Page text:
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    Should I Add My Spouse as a Co-borrower?

    There are several benefits to adding your spouse as a co-borrower. Their credit and income will affect the maximum loan amount and other details. For example, if you have low credit and they have high credit, the lender will take into account both scores, allowing you to potentially get a better interest rate on your loan. Therefore, if you have a spouse with a high income and a good or better credit score, you could qualify for a larger loan amount and better interest rates. 

    However, the opposite is also true. If your spouse has bad credit and low income, they could make you qualify for higher VA loan rates and lower loan amounts. For example, let’s say you have a perfect credit score of 850, and your spouse has one of 550. Lenders will most likely take the lower credit score. In this case, your new credit score is 550, which is still considered poor. However, you could get better interest rates by applying by yourself with a credit score of 850. 

    That said, in most cases, a spouse’s income will likely help you qualify for a larger loan amount as long as they don’t have any significant debt. Unlike credit scores, lenders won’t take the average. Instead, they’ll add your incomes together, which can effectively reduce your debt-to-income (DTI) ratio to help you qualify for better terms. 

    Overall, you can expect the following benefits of adding your spouse as a co-borrower on a VA loan:

    • Avoid credit issues: As mentioned, if you have a low credit score, adding your spouse to your mortgage loan can make you more attractive to lenders.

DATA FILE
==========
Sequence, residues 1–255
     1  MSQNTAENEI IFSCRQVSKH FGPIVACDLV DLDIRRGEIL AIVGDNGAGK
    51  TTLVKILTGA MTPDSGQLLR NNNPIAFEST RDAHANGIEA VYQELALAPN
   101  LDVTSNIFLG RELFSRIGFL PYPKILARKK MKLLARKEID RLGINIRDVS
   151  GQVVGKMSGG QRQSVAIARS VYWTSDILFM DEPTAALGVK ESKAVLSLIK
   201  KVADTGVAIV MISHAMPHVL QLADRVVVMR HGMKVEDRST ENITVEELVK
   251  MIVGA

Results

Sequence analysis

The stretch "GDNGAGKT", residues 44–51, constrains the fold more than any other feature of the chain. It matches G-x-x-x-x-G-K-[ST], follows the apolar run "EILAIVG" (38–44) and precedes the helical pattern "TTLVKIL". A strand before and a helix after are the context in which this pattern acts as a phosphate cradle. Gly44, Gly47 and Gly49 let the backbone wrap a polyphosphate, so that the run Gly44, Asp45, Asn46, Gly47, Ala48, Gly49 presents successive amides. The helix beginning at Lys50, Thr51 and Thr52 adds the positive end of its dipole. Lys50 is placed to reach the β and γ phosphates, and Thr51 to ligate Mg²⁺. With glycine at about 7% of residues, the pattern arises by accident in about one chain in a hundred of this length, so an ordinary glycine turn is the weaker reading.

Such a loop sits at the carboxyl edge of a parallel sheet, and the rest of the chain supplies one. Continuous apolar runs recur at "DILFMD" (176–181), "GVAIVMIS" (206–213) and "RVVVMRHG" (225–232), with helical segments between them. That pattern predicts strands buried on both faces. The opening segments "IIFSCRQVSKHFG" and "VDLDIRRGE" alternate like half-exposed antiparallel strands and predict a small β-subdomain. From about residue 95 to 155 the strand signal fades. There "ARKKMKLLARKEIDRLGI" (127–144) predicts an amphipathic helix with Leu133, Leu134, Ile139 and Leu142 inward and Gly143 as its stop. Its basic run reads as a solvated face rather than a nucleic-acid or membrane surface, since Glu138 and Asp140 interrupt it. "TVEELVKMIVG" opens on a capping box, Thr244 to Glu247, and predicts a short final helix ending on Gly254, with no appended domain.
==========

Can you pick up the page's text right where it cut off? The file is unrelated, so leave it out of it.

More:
• Save on interest: Higher combined credit scores result in lower interest rates, helping you save more on your monthly premiums and over the life of the loan. 

    Unfortunately, there are potential downsides to adding your spouse as a co-borrower. The same factors, including debts, income, and credit score, can negatively impact your ability to become eligible for a loan and may result in lower loan amounts. 

    Whether or not you should add your spouse as a co-borrower depends on your unique situation. However, if you’re unsure, you can contact Griffin Funding to discuss your options and let us advise you on the best option. 

    Check Your VA Loan Eligibility Today

    Every situation is different, so you won’t know if you or your spouse are eligible for the VA loan until you obtain a certificate of eligibility (COE). If you haven’t requested this document from the VA, Griffin Funding can do it on your behalf to determine your VA loan eligibility. 

    We understand that many veterans and service members have civilian spouses who take care of the home loan process while they’re stationed overseas. If your spouse becomes a co-borrower and you qualify for a VA loan, we can work with either borrower to ensure you understand the requirements and find the best option for you and your family. 

    Ready to start the VA loan approval process? You can get pre-approved with Griffin Funding using our online application. 

    Frequently Asked Questions

    Can my wife use my VA home loan without me?